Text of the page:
"Solar revolution. Call now to get your copy. It's a twenty dollar value free with no obligation. Call one eight hundred two nine nine seventy four hundred that's one eight hundred two nine nine seventy four hundred. Now, there's a commercial free video on demand TV channel completely devoted to only the best movies anywhere foes mysteries since spiracy. Chris science. It's called you info TV all access TV all access is now available on Amazon fire apple TV grown cast, you if OT dot com and download the UFO TV app from Google play itunes. Go you have tVcom subscribe. Now, that's UFO TV all access if it's not you info TV it's just a hoax. Embrace your personal style with deals on top flooring trends at lumberliquidators fall flooring sale. Get a rich and classic look with new gilded reserve chestnut and more bellawood engineered hardwood floors all on sale ten to fifteen percent off or get new Iceland, laminate. It's twenty three percent off. Save up to thirty four percent on waterproof floor. Get more from thirty nine cents, plus special financing and professional installation nationwide. Don't miss it. Visit lumberliquidators dot com to find a store near you today. Warning, if you're buried in debt, you can't afford do not let the credit card companies make you think that you have to pay it all back because you don't what the credit card companies don't want you to know is that there's actually a way to get.
"chris science" Discussed on WGR 550 Sports Radio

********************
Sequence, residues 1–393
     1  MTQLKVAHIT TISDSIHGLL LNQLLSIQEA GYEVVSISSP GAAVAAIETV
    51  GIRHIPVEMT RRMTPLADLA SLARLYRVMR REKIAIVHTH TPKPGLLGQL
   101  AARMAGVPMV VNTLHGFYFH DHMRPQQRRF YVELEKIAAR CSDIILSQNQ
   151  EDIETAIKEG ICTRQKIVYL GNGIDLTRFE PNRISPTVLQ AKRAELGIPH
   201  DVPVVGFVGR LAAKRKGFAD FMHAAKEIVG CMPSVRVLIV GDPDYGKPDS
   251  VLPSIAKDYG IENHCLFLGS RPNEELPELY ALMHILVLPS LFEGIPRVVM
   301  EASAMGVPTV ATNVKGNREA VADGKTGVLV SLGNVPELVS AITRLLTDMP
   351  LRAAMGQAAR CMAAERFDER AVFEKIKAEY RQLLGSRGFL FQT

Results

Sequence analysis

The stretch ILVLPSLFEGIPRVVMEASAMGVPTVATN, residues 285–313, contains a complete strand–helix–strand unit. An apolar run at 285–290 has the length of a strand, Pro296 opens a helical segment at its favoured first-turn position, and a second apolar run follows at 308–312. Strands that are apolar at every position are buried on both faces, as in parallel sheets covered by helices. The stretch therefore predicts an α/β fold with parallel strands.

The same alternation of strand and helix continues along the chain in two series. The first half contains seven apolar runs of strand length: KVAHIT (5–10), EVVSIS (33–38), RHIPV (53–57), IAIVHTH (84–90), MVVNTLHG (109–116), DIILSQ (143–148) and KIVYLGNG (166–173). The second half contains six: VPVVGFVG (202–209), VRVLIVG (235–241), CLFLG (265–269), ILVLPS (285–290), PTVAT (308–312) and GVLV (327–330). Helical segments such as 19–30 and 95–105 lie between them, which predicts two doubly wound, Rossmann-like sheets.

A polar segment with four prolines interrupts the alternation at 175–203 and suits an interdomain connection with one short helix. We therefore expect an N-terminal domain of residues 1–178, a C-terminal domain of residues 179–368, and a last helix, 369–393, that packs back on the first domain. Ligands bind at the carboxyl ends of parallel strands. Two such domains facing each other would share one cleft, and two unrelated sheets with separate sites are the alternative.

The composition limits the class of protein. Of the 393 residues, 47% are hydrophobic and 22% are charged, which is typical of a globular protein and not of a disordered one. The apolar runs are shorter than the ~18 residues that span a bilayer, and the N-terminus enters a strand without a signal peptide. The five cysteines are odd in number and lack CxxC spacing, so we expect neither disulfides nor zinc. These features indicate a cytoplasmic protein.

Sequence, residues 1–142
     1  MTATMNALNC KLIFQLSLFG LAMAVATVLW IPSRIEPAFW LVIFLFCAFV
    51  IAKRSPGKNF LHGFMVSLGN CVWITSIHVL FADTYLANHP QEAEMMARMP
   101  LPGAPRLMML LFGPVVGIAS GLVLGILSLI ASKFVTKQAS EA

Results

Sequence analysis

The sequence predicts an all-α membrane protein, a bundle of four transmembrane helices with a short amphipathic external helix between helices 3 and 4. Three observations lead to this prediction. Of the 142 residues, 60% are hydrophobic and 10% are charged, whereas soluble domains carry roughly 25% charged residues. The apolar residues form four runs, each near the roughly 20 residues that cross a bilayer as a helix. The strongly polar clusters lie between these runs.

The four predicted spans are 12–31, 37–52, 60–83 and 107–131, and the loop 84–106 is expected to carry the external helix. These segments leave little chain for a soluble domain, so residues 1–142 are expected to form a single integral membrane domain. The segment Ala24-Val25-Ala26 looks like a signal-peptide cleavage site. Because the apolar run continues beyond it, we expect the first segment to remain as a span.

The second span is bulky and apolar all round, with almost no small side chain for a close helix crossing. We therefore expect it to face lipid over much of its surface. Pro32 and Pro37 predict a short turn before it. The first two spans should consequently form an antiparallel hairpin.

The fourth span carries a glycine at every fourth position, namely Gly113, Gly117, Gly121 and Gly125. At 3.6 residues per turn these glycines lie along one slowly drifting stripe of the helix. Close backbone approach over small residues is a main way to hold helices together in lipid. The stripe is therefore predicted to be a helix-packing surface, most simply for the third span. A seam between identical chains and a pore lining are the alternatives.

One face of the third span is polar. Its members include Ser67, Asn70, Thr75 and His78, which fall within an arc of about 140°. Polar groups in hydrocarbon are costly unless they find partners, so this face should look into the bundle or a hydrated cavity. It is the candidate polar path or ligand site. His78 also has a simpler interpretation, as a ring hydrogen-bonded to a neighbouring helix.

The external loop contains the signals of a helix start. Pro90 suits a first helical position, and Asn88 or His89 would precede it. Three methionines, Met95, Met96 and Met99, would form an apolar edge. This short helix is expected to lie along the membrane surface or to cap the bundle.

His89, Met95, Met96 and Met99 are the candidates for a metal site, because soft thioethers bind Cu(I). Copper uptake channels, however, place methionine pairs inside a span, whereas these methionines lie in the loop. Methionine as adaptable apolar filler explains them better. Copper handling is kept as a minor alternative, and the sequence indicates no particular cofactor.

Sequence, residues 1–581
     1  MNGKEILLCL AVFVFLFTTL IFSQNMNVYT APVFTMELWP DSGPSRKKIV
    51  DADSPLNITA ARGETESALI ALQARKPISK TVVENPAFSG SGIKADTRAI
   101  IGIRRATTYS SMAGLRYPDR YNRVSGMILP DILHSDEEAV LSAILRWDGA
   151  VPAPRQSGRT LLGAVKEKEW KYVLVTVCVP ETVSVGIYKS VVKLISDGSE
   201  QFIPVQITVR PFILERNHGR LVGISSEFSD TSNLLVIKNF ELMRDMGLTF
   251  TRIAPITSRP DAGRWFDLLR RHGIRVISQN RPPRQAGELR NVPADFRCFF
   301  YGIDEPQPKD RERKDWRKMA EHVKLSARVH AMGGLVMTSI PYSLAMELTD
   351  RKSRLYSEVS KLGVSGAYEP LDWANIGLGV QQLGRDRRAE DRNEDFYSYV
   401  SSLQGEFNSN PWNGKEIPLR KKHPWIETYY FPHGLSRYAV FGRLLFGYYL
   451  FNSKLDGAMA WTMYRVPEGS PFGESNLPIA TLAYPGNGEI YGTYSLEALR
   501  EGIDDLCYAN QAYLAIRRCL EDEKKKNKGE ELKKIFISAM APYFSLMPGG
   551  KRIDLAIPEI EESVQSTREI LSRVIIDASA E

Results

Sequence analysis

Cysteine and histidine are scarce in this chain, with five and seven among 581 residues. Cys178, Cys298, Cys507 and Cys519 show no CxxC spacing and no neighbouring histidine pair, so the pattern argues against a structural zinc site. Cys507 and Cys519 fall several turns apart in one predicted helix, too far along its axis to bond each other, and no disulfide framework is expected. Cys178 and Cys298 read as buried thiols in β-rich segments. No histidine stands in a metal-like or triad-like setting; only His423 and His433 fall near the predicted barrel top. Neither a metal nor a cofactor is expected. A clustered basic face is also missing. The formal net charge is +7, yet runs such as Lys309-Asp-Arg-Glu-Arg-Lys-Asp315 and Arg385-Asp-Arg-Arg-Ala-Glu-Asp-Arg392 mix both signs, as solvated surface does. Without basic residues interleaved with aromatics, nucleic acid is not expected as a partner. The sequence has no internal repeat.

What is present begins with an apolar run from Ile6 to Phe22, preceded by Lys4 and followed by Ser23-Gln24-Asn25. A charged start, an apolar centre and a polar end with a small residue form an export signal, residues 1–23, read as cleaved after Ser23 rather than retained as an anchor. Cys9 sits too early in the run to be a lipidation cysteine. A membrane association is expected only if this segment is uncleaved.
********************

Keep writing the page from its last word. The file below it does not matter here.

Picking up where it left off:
"The espn app sirius xm channel eighty diamondbacks dodgers giants rockies fourteam separated by four games in the nfl west july fourth we saw the dodgers and pirates get together now the pitch brown ball past the diving freeze headed in the right field corner they won't score bellinger ghana's way in randolph got a double in the dodgers have a li to seventy la's sports dodgers with another win they get past the pirates thirty one and thirteen since they were sixteen and twenty six entering may seventeenth best record in baseball during that span rockies one nothing shutout of the giants chris iiinto with his twelfth career go ahead home run in the seventh inning or later years bitch diana homerun is go chris science contours breaks the scoreless huge way did nothing rocky's would be the final colorado with the one nothing victory rockies third straight win they've won six of their last seven ten game in chorus field history to finish one nothing that's the fewest a major league baseball since nineteen ninetyfive win chorus field open sportscenter allnight espn radio and al west remains tight so does the al east to two strike pitch the ball swaying on a pop up here comes the catcher vasquez shielding his eyes on the track has role makes the catch the ball gave us over the red sox have swept the washington nationals the red sox win at trade and nothing they do that w we call red sox win yankees win so there's still separated by a game top the american league east meanwhile after that sweep of the nationals the nats favorites in the nfl east the favorite losing for the seventeenth time in twenty two games they are now below five hundred for the first time this late in the year since two thousand fifteen when they were sixty and sixty one in late august after the game on wednesday players gathered to chat amongst themselves in the clubhouse eddie matt's covers the nationals for espn dot com players only meeting which is something that i think a lot of us were wondering when if when that would happen whether it was players only or with the managers and coaches yeah players on getting behind closed doors and certainly time for that it's up pastime 'cause the nationals are just just freefalling right now they've lost i think twenty one of their last thirty now they got swept by the red sox which not a whole lot of shame and that the red sox are the best team in baseball right now but they bring getting beat by both good teams and bad so it's hard to say exactly what went on behind closed doors there other than sounds like max scherzer lose kind of the force behind it what you would expect vocals gets inside back clubhouse and it should be interesting to see if anything comes out of that if that helps turn them around 'cause that's right now things are turning around first season here for dave martinez new manager with the nationals is his job how how secure at this point in your mind daddy to me it's totally secure so early if you want to compare it to matt williams about williams was also a first time manager they've got the job in two thousand fourteen to make the playoffs he was named manager of the year and then in fifteen it was a little bit of a craft show that was been tampa bond choked out harper at the ear and williams was living in denial about everything and he got the axe that was two years so i think with tina's equating cortina's matt williams or what went on back then but i think it's way too early halfway through the first year to have any kind of leash shortening with him he's in super positive to his credit he hasn't thrown anyone under the bus publicly i think a lot of us are wondering when he's going to start doing it right geico the last couple of years dusty was as jovial as they come but there were times where he would make appointed comment about somebody or maybe he wouldn't talk to us about it but he would tell you that yet i talked to this guy in private and so far it doesn't seem like the has done that interesting that it was a players only meeting today without him maybe they got the sense that dv so positive that that was never going to happen that doesn't really matter to me i think his job is secure just because it's a small sample size i think things would have to go substantially more than they are right now his to be in jeopardy yeah one of the certainly one of.